Sadly, I won’t be able to attend — but having participated in the first Planning-ness a couple of years ago, I can confidently recommend it to brand strategists, communications planners, design thinkers — really, anyone whose role it is to think deeply about the intersection of brands, people, and communications.
I was heading up marketing research at Jack In the Box and, when the company hired TBWA Chiat/Day, a couple of account planners came with the deal. While the agency’s campaign introducing the now-infamous CEO Jack character was a resounding success, my relationship with the planners wasn’t — not at first.
I remember them questioning the accuracy of my data — and me countering with doubts about the robustness of their research methodologies. In many ways I think we got caught up in trying to prove who was smarter instead of focusing on how we could work together and leverage our respective strengths and perspectives.
Thankfully we finally worked out the kinks and I ended up writing an article for a market research trade journal about how we overcame our differences. I decided to dust the article off and share it here, because in my current role I have the opportunity to observe a lot of client:agency relationships and clearly some work better than others. In many cases there’s still a great divide between researchers and planners and so I hope this article will be helpful.
Here is the article as I originally wrote it:
“Ad agency folks — you can’t live with ‘em and you can’t live with out ‘em.”
Have you found yourself muttering this phrase under your breath on more than one occasion? We, as market researchers, find it difficult to work with advertising agency people — we’re analytical, they’re creative; we’re concerned with reality, they deal in perception; we think we have the right answers, so do they.
While it may seem that researchers and ad people are oriented as far apart as 1 and 10 on a 10-point scale, we are called to work together on a regular basis and so we must find a way to peacefully coexist. In fact, coexisting is not enough — mutually productive relationships are the only way our two groups can maximize our contribution to our clients. I’d like to tell you about how the marketing research department at Jack In the Box and our agency’s planners are doing just that.
Consider the change we’ve undergone. Last year at this time, our company had just signed on one of the hottest ad agencies in the business, top management was enamored with the agency’s new perspective, and sales were starting to climb only a few weeks into the new ad campaign. There was only one glitch — the marketing research department was in a non-stop battle with the account planners from the agency. It had gotten so bad that meetings were held to hash out the issues. Finger-pointing was on everyone’s meeting agenda.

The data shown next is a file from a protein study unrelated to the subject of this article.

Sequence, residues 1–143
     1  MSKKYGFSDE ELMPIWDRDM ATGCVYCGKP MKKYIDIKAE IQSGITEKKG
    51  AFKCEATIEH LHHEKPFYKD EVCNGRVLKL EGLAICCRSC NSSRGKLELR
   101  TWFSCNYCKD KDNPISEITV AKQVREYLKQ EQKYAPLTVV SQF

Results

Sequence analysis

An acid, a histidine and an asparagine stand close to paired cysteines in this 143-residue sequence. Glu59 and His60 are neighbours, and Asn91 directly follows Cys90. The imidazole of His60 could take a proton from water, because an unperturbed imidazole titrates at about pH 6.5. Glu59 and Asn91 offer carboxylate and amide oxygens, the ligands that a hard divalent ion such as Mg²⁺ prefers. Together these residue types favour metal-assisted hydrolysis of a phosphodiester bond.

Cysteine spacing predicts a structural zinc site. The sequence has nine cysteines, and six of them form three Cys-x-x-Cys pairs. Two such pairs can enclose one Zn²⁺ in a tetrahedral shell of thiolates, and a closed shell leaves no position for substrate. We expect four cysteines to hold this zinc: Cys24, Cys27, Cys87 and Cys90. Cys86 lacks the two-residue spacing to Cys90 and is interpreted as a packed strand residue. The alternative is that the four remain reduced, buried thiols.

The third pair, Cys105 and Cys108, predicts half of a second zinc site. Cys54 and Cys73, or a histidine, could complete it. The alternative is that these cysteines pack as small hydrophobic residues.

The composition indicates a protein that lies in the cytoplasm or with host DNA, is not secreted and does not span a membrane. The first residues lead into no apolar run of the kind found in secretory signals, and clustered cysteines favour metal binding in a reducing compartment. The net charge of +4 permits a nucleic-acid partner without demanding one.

Fast-forward to the present. The two groups are working hand-in-hand on many projects, making joint recommendations, bouncing ideas off each other, and most importantly, truly enjoying the opportunity to work together.
What has changed? Actually, a lot — but I think the most important changes are the many attitude adjustments that we marketing researchers made. Here are just three of them:
We had to recognize the agency reps as business partners, not adversaries.
That meant involving them in all aspects of our work — research design, priority planning, budget management. I even included one agency planner on the screening team for a research position that I had to fill. Viewing them as partners not only set the stage for open communication, it conveyed a level of trust that they were eager to reciprocate.
We had to remember that both parties have the best interests of the company in mind.
Our department exists for the sole purpose of benefiting the company. So do they. Once we bought into this basic principle, it was easier for us to deal with the times when it seemed like they were just out to make the marketing research department look bad. We stopped expecting them to agree with us, and started expecting them to do what they felt would benefit the company.
We had to admit that there was a lot we could learn from them.
They could stretch our thinking to a more conceptual level, they could show us how to make more compelling presentations, they could teach us how to manage corporate politics. All we had to do was be open to learning from them. Our candor in asking for help was met with respect and responsiveness. It also opened the door to us teaching them a thing or two.
Changing our attitudes was the most important step we took in establishing a productive, enjoyable working relationship with our agency. Even as I write this article, I am working with an agency planner on a joint recommendation for a strategic research project. We have formulated the research objectives, searched for a supplier and spent many hours developing the plan for selling this idea to top management — and we’ve done all of this together. Not because we were forced to, but because we wanted to.
Don’t get me wrong. We still disagree on a lot of issues. But at least now, we can agree to disagree. And now and then, we even make jokes about each other’s discipline . . . how many agency execs does it take to change a light bulb???